It's not too early to start thinking about Nanowrimo! (https://nanowrimo.org/)
November will be here before you know it and an important aspect of preparing for flow-state writing is research. Research can be real world---by which you find places and people and plots that might connect to the story you envision, and you make lists, gather pictures, diagram, map, and just accumulate interesting images, notions, and curiosities.
Or you can do imaginary research, which is writing (NOT just thinking) about various story aspects that are wholly imaginary.
For your research process, you need not have any particular story or plot in mind, but merely begin to chew over some toothsome ideas. I advise that you actually resist plotting at all, and instead, just start sketching out images and ideas, and as you begin to germinate ideas, start keeping a notebook.
It's best to have a hard copy notebook to augment any files of images or computer notes. As usual, I'll remind readers that your brain doesn't process computer activities with the same depth and emotional gravity you get when you work in the Meatspace. Er, I mean, reality and/or analog functions and symbols. There's a significant difference in what you remember and how your brain accesses information that is fortified by handwriting, touching pages, reading from books. Working in the Meatspace, you gain a boatload of potential over what you do in Dataspace.
So as you look forward to writing in November (remember: the writing you do doesn't have to be in the form of a novel, only a whole bucha words in any story form...), write down character descriptions, put pictures of exotic locales on your walls, start toying with what sorts of events---grisly murders, sci-fi fantastica, goofball sidekicks, romantic interludes, fine dining after the revenge---you want to include.
This research period is crucial to promote Flow in the fall. However, let me reiterate, don't worry about the plot of anything. You are inducing a certain kind of creative confusion, so your notes need not be organized. At all. Get a menu of characters and places; knock and inquire at the door of your imagination what sort of genre you want to write, what sort of desires you want your protagonist to follow, what dreams you have with luscious problems or tormenting situations.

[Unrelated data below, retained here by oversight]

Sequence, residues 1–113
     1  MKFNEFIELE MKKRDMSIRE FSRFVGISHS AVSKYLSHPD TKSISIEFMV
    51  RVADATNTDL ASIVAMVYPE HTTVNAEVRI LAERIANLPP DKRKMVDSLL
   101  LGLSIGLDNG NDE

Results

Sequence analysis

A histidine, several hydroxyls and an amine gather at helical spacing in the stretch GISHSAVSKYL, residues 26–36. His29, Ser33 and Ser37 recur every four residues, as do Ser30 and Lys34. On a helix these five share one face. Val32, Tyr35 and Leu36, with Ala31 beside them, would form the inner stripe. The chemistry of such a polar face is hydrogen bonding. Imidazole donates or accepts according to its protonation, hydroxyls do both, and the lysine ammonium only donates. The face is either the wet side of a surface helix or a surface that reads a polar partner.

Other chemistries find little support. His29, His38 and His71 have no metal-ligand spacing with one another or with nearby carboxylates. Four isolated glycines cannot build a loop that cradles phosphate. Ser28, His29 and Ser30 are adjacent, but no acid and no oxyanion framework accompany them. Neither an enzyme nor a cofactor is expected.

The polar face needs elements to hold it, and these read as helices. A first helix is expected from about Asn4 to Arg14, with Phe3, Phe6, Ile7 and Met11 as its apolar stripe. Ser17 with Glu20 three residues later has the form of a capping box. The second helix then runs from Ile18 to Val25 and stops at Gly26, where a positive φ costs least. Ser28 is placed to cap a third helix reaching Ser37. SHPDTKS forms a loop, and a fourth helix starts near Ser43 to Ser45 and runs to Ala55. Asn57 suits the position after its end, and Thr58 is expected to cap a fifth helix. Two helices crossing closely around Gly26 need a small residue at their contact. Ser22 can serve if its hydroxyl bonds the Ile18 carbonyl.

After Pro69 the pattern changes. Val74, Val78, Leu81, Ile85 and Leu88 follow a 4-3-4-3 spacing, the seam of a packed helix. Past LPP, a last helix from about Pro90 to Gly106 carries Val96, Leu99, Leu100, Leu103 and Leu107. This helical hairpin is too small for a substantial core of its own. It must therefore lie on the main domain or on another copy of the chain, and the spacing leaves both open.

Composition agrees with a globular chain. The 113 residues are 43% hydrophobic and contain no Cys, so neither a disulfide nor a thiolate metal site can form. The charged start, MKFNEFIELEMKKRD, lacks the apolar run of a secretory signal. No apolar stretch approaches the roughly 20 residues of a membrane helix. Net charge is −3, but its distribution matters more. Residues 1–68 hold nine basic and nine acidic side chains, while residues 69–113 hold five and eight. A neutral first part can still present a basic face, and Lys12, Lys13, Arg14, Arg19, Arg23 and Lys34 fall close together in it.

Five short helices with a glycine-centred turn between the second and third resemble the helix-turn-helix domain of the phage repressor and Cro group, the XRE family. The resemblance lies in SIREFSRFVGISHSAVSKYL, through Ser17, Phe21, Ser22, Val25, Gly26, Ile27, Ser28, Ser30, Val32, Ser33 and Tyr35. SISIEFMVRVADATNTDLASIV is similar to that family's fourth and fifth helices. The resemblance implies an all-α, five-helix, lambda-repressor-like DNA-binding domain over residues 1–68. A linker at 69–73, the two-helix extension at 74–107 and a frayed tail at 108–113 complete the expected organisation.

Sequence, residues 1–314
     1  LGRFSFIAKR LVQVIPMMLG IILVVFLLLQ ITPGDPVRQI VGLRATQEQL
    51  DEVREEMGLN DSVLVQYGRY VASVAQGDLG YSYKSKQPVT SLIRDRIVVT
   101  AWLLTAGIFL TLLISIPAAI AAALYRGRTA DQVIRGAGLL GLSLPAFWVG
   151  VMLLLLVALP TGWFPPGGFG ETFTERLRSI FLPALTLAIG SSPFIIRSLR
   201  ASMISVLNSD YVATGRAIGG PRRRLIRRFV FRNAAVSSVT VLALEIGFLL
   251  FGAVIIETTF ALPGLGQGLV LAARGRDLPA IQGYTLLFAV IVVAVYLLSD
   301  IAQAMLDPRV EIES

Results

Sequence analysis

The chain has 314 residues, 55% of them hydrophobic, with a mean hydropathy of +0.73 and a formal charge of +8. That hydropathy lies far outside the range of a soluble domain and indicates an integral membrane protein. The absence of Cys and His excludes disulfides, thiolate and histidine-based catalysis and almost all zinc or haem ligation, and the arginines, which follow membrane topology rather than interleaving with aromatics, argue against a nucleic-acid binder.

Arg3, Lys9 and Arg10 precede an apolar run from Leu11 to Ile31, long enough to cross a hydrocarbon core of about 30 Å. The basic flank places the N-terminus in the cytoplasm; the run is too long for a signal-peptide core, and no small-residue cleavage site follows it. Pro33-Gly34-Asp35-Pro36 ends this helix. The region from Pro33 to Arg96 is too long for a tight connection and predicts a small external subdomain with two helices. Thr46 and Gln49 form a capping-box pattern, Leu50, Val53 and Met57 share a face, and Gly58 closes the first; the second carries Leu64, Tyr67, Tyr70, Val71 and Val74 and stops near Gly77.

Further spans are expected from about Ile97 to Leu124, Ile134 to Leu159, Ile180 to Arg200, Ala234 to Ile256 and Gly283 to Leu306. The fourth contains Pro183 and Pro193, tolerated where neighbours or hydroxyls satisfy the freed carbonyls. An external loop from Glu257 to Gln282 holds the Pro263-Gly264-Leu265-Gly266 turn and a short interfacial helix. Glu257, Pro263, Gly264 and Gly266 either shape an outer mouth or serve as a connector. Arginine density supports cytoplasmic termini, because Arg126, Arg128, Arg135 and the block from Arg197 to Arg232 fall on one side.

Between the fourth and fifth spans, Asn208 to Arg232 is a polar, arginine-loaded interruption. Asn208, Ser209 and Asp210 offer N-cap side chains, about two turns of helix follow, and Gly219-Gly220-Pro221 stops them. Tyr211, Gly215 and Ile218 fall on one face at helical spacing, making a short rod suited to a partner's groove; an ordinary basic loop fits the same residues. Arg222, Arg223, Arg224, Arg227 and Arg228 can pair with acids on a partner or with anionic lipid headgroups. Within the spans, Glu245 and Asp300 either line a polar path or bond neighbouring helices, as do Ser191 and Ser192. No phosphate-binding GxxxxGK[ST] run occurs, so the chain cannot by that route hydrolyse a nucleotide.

And write down notes. If all you do is fantasize without writing, you build abiding energy. Writing is what stokes the fires. Ultimately, it won't matter what notes you write; you won't even need to re-read them, but the act of preparing in this sort of bee-to-the-flowers uncharted way is very stimulative, and over time, creates a honeycomb of possibilities in your imagination.
Oh, and speaking of which, this contest also crossed my path as I was writing this post. It's a chance to be a lucky winner and get some very nice paraphernalia:
I've had a lot of fun getting bargains on Massdrop---notebooks, inks, pens, blahdeblah. Their prices are always better than retail. If there's a place to mention me as recommender, I think they'll send me a goodie (probably another notebook) if I urge enough referrals, but more important, if you win, you'll get a very nice starter kit that'll energize your prep process. If you don't win, you'll have taken an easy first step: make it easy. Do the things you can do.
As the way to get into Massdrop, use this link,
then sign up for email (which you can cancel anytime), then search "give away writing starter"... so I get the cred.